J.C.'s first 500

"My first Indy 500 was in 1964, although I had been going to
quals' since '56. (I was born in '54) My father was a member of
the safety patrol at the track and for years track employees could
bring their families to the track for free. After begging to be
allowed to attend the race for two or three years I scraped up the
money needed to buy a ticket in Grandstand G. Dad relented
and said I could go with him. Going to bed that night was hard,
and getting to sleep was harder. I still wasn't sure that Dad
wouldn't "forget" to wake me."

"My first of many racedays dawned clear and bright and as we
walked from the Coke lot down the outside of the track my head
seemed to be mounted on gimbals. When we got to the
grandstand, my father took me half way up the stairs on the
west end of the stand and pointed to a steel I-beam that stuck
up through the concrete. That, I was informed, was my seat.
The I-beam had been topped with a board to prevent someone
from hurting themselves and proved to be a perfect seat. There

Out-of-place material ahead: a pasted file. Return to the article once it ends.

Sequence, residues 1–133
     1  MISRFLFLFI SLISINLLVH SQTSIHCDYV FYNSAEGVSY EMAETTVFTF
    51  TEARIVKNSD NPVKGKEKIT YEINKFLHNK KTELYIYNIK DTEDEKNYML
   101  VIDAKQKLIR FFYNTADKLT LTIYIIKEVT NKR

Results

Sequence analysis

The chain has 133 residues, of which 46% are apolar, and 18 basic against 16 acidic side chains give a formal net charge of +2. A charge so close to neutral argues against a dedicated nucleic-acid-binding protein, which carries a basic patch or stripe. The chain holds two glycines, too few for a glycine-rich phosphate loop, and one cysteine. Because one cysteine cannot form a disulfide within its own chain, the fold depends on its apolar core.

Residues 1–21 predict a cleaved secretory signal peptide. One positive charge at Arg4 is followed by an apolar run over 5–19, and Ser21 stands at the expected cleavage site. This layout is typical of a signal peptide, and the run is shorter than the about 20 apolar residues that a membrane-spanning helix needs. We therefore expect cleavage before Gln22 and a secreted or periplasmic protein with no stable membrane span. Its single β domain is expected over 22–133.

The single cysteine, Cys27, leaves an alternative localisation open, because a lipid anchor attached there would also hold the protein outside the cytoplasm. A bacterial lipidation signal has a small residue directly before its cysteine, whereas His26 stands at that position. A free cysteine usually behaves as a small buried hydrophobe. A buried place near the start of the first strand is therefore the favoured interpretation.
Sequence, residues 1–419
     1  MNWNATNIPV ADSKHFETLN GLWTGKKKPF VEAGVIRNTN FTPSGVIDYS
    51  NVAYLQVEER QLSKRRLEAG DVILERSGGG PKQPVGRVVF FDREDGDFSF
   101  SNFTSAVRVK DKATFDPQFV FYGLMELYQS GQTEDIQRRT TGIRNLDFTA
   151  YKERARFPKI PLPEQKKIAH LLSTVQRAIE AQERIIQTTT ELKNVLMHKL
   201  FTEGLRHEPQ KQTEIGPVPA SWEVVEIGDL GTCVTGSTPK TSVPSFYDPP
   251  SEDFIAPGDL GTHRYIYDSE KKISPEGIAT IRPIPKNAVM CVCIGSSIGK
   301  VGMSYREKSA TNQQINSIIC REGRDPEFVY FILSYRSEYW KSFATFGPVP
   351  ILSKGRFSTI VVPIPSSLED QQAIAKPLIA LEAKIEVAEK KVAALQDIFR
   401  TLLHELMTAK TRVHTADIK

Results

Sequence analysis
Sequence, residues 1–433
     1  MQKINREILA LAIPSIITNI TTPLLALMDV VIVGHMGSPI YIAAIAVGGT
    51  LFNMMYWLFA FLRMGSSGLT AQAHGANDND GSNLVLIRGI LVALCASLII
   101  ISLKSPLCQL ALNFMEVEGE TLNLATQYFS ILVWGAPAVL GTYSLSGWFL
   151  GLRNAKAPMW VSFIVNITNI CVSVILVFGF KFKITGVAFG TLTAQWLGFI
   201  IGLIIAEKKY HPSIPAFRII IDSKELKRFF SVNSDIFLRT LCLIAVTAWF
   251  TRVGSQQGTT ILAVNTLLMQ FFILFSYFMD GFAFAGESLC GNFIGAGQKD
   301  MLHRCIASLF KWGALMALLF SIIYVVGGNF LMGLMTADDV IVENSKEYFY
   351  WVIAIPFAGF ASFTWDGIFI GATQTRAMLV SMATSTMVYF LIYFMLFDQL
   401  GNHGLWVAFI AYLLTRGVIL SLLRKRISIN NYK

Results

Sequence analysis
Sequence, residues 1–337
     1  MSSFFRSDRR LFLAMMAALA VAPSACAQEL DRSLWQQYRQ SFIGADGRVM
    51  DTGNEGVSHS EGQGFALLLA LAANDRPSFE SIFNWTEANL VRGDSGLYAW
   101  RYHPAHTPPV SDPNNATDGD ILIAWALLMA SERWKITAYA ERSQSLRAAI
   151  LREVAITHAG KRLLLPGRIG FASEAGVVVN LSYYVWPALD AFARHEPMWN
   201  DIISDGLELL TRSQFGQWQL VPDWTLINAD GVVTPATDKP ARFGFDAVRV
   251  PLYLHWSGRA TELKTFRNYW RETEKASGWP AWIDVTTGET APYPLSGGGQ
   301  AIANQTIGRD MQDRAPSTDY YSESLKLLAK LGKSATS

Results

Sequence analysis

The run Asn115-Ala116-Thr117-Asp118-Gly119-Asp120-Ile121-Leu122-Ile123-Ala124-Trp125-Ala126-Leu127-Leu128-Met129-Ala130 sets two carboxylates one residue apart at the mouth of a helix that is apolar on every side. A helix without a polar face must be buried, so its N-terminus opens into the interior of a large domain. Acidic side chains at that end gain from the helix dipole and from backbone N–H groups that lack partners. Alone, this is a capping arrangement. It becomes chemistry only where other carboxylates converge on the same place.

was no one in front of me, and I could stand up without blocking
anyone's sight line."

"As I'm certain you know, the '64 500 was NOT a picnic in the
park. The death of Eddie Sachs and Dave McDonald on the
second lap and the column of smoke alongside of the tower is
something I will never forget. I have never since that day heard
the track so silent on race day. Even now when they are going
through the the "Honors" part of the pre-race, you can hear
noise. Not that day. Tom Carnigie was speechless and when he
was able to talk his only comment was "There has been a very
bad accident in the front straight". Sid Collins (radio voice of the
500) was on the mike and described the crash live then broke
down on the air. I had seen cars spin and crash, applauded as
the driver climbed out to wave to the crowd before the trip to the
infield hospital, But I had never experenced the death of a
driver."

"Eddie Sachs made it an annual tradition to march with the
Purdue Band on race day and had signed an autograph for me
as he came past. I still have that autograph and will never forget
my education that day. Indy is fast cars and crowds, but it is also
33 people risking death in the pursuit of a dream."


  
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